Thursday, May 26, 2011

Review: Fade Out by Rachel Caine

Fade Out (Morganville Vampires, Book 7)Book Details:
Fade Out (Morganville Vampires, Book 7)
By Rachel Caine
Genre: Young Adult
Published Nov. 2009, Penguin
Paperback, 237 pages
ISBN: 9780451228666

          Without the evil vampire Bishop ruling over the town of Morganville, the resident vampires have made major concessions to the human population. With their newfound freedoms, Claire Danvers and her friends are almost starting to feel comfortable again...
Now Claire can actually concentrate on her studies, and her friend Eve joins the local theatre company. But when one of Eve's cast mates goes missing after starting work on a short documentary, Eve suspects the worst. Claire and Eve soon realize that this film project, whose subject is the vampires themselves, is a whole lot bigger-and way more dangerous-than anyone suspected.
Yet another good addition to the Morganville Vampires series, Fade Out is all about entertainment, but with a sinister twist. Eve wins a major part in the town's production of Tennessee Williams' A Street Car Named Desire and Claire's quirky boss, Myrnin, seems to have gained his sanity. But underneath this calm surface, rebellion is simmering while Amelie grieves, Ada-the-computer has it in for Claire, and the other goth chick in town, Kim, has less-than-honest designs for Morganville with a suspicious film project in the works.
Claire seems to have worked out a truce with her parents, which I liked since they just seem to get in the way. Her relationship with Shane is adorable and sweet, and I love their loyalty to each other even as they navigate the familiar territory of new romance. In contrast, Eve and Michael have hit a major bump in the road that I saw coming several books back - and I'm still a little annoyed that we don't get more details from Eve's perspective.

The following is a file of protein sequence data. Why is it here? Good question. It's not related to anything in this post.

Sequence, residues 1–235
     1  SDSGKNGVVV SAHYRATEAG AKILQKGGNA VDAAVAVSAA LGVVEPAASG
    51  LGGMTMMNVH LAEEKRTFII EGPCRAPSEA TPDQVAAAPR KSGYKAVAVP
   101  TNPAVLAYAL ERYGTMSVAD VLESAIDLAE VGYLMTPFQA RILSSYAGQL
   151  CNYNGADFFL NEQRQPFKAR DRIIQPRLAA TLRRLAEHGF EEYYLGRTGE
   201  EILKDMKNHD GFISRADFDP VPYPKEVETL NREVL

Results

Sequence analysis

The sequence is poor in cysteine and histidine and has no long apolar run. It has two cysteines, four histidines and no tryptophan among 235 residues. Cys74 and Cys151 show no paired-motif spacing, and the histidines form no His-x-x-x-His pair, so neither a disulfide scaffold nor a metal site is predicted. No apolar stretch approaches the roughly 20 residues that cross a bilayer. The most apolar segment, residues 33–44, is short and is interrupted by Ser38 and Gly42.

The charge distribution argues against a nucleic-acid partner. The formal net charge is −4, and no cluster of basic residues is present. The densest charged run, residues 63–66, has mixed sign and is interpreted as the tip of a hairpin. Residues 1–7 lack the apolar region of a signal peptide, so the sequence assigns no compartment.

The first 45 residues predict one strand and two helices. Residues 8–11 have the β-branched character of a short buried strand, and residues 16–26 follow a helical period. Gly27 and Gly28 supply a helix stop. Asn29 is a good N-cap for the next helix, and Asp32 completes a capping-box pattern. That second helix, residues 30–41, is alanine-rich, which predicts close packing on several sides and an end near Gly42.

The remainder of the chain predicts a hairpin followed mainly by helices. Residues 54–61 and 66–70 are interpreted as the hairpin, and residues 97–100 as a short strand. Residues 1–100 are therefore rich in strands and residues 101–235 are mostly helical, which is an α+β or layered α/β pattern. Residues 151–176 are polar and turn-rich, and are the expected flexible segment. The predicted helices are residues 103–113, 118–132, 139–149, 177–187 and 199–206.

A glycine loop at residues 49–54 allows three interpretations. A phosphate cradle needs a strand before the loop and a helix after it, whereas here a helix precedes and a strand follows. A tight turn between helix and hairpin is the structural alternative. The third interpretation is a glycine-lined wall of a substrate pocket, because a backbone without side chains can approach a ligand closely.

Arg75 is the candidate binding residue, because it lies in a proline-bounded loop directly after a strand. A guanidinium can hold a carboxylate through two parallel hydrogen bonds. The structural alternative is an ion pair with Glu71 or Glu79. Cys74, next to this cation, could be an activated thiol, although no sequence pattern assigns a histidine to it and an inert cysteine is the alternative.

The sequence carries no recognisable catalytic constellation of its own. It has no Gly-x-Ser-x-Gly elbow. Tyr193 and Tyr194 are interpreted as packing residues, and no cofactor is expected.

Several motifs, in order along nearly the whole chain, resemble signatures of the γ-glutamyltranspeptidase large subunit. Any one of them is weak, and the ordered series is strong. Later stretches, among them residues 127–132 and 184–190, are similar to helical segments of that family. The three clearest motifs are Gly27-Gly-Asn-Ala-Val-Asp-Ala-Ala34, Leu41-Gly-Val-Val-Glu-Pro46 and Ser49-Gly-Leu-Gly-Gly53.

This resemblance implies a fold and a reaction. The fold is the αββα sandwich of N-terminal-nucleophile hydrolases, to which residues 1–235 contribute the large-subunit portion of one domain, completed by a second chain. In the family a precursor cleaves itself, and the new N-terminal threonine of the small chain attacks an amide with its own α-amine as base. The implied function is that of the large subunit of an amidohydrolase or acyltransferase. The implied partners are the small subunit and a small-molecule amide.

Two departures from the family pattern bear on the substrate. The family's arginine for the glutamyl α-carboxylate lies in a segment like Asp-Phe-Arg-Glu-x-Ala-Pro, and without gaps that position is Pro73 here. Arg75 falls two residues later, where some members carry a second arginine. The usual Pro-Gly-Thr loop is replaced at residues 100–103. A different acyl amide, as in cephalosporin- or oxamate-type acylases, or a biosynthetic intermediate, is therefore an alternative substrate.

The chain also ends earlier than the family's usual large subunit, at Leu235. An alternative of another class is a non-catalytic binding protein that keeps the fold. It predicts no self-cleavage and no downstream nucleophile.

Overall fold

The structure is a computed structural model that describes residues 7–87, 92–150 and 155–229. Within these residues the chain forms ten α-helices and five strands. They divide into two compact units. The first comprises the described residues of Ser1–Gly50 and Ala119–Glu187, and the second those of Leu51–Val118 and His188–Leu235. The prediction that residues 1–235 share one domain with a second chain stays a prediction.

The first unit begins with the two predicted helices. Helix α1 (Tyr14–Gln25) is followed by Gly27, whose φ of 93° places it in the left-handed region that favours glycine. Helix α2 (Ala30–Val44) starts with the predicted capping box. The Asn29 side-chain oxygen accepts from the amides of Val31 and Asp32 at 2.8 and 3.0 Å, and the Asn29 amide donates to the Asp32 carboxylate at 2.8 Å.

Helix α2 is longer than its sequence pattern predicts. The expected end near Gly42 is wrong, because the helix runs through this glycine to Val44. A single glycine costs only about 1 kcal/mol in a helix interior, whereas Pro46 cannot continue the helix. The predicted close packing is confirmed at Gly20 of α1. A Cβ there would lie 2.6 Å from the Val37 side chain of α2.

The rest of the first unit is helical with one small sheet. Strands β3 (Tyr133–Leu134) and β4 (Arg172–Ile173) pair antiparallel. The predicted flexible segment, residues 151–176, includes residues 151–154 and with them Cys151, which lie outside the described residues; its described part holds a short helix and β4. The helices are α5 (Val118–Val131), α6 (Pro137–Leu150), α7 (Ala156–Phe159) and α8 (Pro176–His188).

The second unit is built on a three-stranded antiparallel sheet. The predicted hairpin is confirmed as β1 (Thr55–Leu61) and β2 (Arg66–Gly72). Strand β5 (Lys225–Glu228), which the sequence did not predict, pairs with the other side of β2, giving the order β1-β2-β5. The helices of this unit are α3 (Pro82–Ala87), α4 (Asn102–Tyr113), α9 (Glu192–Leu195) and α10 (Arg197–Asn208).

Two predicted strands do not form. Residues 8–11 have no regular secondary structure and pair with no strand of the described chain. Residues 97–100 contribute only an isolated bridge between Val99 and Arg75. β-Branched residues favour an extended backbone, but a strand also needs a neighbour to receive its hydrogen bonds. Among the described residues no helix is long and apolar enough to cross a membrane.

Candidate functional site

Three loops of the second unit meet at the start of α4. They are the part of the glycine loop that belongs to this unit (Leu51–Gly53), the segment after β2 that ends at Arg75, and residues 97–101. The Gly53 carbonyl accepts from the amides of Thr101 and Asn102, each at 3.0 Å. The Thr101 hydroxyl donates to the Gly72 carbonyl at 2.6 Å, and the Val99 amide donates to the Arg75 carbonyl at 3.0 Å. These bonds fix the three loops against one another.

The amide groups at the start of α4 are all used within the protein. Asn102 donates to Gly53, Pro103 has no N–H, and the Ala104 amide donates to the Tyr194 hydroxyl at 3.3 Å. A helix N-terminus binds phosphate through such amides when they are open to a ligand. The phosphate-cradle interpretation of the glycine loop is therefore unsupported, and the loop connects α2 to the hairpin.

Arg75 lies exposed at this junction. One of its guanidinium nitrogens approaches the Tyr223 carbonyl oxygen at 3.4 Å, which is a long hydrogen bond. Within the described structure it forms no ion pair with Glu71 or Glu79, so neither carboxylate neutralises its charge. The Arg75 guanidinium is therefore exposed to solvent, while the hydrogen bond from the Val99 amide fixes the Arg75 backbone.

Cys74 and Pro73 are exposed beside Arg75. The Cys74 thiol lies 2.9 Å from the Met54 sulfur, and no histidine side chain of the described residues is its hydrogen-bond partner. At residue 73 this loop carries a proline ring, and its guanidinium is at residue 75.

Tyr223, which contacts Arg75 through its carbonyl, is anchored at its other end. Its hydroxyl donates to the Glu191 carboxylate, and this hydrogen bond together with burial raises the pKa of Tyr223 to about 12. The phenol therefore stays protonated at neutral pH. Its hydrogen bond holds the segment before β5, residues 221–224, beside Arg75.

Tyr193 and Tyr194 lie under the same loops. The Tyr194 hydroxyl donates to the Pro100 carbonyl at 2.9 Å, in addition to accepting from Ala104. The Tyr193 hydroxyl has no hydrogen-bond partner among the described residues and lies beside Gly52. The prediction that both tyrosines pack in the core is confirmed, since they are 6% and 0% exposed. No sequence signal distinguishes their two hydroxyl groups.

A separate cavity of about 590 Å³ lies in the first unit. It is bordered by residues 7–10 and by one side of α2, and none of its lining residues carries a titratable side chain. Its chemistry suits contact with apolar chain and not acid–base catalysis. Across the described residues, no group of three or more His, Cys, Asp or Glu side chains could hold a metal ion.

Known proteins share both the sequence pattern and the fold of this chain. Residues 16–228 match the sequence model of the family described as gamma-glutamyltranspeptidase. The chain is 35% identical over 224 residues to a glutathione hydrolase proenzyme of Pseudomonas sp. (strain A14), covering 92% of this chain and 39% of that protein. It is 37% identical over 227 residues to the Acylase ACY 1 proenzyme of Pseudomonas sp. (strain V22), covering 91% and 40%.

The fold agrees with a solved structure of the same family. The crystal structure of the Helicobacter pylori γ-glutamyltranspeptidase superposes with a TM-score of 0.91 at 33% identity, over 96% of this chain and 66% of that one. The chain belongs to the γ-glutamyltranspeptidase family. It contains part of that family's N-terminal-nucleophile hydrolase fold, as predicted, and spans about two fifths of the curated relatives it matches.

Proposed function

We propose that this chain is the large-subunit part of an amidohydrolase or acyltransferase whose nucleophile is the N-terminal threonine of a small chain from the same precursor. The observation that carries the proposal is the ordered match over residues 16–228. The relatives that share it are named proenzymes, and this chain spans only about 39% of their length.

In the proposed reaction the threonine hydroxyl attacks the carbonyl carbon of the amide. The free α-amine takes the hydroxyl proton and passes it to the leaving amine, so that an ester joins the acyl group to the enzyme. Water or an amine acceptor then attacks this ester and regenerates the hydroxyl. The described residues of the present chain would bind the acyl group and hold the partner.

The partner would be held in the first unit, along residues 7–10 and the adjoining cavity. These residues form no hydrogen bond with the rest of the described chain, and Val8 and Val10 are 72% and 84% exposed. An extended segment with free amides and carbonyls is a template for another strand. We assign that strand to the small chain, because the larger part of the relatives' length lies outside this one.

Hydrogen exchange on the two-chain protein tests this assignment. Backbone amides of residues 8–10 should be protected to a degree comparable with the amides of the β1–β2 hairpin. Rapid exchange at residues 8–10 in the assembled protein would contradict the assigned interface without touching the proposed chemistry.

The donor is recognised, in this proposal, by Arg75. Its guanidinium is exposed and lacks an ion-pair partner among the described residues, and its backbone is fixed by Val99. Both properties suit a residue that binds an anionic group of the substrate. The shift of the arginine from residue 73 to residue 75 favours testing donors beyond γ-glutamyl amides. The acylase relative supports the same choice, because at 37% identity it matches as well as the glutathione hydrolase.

Myrnin has to be my favorite character in the series. Even as a sane individual, he is still incredibly unique  - from his fashion sense, to the unexpected things he randomly spouts, to his mercurial behavior and unpredictable loyalties among the town's inhabitants. What develops with Ada's subplot in the book shows that beneath the vampire still lurks some humanity, and he obviously has many more secrets that have yet to be revealed.
Amelie grieves for the loss of Sam, and the way she randomly appears in Claire's day-to-day life during this period of stark vulnerability is equal parts mystifying and encouraging. While the downside of this is that the rebellious factions feel stronger, the upside is that the readers gets to see some of the characteristics typical only to humans show themselves in Amelie.
As for Claire herself, Shane makes an observation about her that I think sums her up quite nicely. Some people come to Morganville and disappear, but when Claire came to Morganville, she began to thrive.
Every time I pick up one of the books in this series, I simply can not stop reading until I've finished it - always the perfect blend of suspense, mystery, and supernatural elements to keep me hooked.

The Cover: Eve always makes a good subject for the covers of this series, but I must say I expected the dragon necklace in the picture to have more significance in the plot than it actually did.

First Line"Eve Rosser's high-pitched scream rang out through the entire house, bouncing off every wall, and, like a Taser applied to the spine, it brought Claire out of a pleasant, drowsy cuddle with her boyfriend."
The shock of typical Eve behavior is the perfect start for any book in this series.

Favorite Quote: "Because you've got guy parts, you're automatically a better mechanic than me? I don't think so."


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